DM: I’ve heard of it.
JL: Facial Action Coding System. It was developed by a guy, Paul Ekman, at UCFF years ago to try to figure out if people are lying. What causes people to make a split second decision? Like why would a policeman pull a gun on a suspect and decide to shoot him or not shoot him? What kind of clues tell these guys, who are really good, what it is when they know somebody’s bluffing or not? And what he did is he broke down the face into what he called action units. And so he broke down every part of the face and you can see what the response is for any particular emotion.... any set of muscles that work together... and that’s what we did for Gollum. We broke it down that way and we actually used the same kind of tricks. It was really subtle one-frame self-expressions, like when he’s lying, that you can just see if you frame-by-frame it. You can see that that’s what’s going on. That’s what happens in the real world but it just goes by so fast that you don’t really ever notice it.
DM: The moment where Gollum came to life, as I was watching "Two Towers," was the moment where he has his schizophrenic conversation. That’s where I went, "Alright, he’s alive. That’s real. I buy it. I’m totally into the character."
JL: Yeah, yeah.
DM: And I think with “Kong”, the jump there was that even though he was totally non-verbal, we still understood everything Kong was thinking and doing.
DM: Which is beautiful and it really, to me, was a performance.
JL: Oh, yeah.
DM: The work between the animators and Andy and the way it came together, it felt effortless... like Kong lived. I really feel like you guys have taken it to the next level, though, this time. Different actors have… I’ve spoken with two guys who really advocated for the process after they went through it. Both did it for Zemenkis, but they… Gary Oldman and John Malkovich, guys who you think would be really opposed to this kind of technology and things like that... but it's the exact opposite. They were both like, "In a heartbeat. I loved it. I loved the freedom of it and I loved the feeling that I can play anything." For Oldman, the idea that he played Tiny Tim and Bob Cratchit blew his mind. And he loved it. So I think that actors, as they embrace it, it seems like a different skill-set. Like you kind of have to relearn some of the tools to really be effective in performance capture?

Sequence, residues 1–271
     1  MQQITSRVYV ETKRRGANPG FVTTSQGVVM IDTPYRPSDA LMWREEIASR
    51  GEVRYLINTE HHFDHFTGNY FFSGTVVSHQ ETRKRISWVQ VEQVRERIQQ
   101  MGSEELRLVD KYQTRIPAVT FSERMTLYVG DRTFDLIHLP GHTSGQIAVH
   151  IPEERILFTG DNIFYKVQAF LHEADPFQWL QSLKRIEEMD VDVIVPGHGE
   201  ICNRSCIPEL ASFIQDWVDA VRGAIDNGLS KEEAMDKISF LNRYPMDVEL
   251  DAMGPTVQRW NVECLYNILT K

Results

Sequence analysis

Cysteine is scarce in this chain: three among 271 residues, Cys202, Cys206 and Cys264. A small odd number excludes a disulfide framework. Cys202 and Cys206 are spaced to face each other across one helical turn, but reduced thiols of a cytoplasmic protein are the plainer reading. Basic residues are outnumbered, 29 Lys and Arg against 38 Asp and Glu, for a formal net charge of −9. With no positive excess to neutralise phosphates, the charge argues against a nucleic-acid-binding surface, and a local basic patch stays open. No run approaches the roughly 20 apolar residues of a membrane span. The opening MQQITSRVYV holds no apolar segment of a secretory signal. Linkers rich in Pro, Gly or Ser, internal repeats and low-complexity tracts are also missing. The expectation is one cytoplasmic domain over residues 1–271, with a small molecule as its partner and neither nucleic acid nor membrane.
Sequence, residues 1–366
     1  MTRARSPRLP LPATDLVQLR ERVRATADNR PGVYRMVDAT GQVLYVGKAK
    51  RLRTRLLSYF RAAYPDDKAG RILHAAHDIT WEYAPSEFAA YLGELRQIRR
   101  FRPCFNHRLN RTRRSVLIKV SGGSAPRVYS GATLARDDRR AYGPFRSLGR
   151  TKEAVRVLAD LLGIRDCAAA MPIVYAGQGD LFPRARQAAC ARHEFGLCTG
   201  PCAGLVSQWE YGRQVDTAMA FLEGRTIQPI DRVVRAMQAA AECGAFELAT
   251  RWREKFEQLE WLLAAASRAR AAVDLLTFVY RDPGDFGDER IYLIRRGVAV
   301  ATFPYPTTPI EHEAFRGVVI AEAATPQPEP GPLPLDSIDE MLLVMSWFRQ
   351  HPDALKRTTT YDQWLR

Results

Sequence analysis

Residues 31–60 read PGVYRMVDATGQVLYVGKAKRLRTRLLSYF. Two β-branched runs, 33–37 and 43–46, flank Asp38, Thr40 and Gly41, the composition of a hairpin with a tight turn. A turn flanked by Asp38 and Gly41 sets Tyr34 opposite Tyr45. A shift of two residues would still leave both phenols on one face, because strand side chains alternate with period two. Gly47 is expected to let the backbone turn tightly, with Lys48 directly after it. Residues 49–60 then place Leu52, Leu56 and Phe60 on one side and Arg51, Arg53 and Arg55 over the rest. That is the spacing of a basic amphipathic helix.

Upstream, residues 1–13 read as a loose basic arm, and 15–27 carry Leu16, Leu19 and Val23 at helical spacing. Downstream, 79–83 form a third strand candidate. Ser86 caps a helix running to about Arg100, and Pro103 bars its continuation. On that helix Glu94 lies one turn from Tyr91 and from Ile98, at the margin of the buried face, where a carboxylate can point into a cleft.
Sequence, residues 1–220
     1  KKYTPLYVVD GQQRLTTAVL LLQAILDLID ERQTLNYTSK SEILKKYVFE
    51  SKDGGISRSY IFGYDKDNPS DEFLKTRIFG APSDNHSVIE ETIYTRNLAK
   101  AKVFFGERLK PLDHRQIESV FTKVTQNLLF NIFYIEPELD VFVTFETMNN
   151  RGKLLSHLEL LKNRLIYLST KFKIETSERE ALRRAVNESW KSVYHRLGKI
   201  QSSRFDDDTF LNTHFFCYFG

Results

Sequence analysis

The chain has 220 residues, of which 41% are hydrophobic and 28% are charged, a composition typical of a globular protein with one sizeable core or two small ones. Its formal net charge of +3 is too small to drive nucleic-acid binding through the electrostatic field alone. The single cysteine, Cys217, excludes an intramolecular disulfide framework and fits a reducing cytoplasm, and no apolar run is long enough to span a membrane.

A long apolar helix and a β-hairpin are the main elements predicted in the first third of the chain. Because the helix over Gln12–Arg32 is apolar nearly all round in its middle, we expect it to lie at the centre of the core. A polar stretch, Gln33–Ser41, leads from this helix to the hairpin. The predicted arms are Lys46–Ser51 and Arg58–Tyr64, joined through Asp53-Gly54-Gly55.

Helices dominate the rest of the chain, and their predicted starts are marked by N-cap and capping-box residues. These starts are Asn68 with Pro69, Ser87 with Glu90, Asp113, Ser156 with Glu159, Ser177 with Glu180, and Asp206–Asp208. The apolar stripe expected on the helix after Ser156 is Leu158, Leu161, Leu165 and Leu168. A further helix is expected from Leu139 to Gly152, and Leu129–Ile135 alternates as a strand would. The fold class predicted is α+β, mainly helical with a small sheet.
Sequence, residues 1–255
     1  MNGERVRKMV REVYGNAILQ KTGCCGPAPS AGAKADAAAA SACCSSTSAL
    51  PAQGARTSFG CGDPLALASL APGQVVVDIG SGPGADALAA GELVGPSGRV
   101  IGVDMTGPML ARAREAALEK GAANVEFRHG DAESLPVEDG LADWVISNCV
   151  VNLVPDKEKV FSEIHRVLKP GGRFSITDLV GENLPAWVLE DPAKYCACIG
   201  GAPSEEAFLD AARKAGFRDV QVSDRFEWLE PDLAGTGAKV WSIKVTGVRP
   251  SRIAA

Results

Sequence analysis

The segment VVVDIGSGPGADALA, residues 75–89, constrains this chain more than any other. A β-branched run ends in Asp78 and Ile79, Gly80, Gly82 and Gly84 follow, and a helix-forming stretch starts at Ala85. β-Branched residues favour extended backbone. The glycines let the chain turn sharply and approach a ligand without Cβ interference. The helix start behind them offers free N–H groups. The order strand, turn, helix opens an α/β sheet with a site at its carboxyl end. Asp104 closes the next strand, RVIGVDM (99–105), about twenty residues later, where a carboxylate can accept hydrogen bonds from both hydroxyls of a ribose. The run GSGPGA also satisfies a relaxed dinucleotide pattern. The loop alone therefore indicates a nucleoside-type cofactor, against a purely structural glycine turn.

JL: You kind of do, but it’s interesting talking to some of the actors I’ve spoken with about it. You do try to get everyone’s take on, "How’s it working for you? Is there anything we else we kind of need to do?" And they’re saying it actually works for us because it’s like, to them, it’s like the old days of coming up and learning the craft. You didn’t have a set, you just had an empty room and a bunch of people just acting and that was it, you know? Before you got famous or got a job, you didn’t have costumes. You didn’t have anything. You were just acting. So to them acting in a room just strips it down. And it’s actually great watching these performances because it’s like there’s nobody in the room and you’re just watching these dramas, you know? It’s really cool.
DM: I have to say the performance in this movie that I think is the jump, the one where you look at it, and you’re like… she just looks alive...
DM: Right. What Zoe does in this movie is unbelievable.
JL: Yeah, yeah.
DM: Everybody’s very good. Joel David Moore seems to really take to it. Sigourney’s amazing. And I love how much it’s Sigourney to the point where the audience… the first time she walks out, they laugh because they’re like, “Holy crap. It’s Sigourney Weaver... and she's blue!"
JL: Yeah, yeah.
DM: There’s something about the way Zoe does it and about the way she slips into Naytiri’s skin that is other worldly. You really buy that she’s not human and that the physiology works differently, and she makes it really beautiful. As you guys are watching these performances come together, do you have moments where you go, "Wow, I didn’t think it was going to look like that"?
JL: There’s a few of them, but you know really what happens is... like, you’re approaching this stuff incrementally to the point where… the problem with CG is until everything is right, it just doesn’t look right at all. So it’s almost like doing a puzzle where you’ve got this thing and you’re putting it all in and you’re layering it and you get it piece by piece and it’s in there and the final piece is there and you look at it and say it’s done... great. Okay, onto the next one, you know? So for me, it wasn’t until the premiere that I got to sit back and actually just watch it, which is great.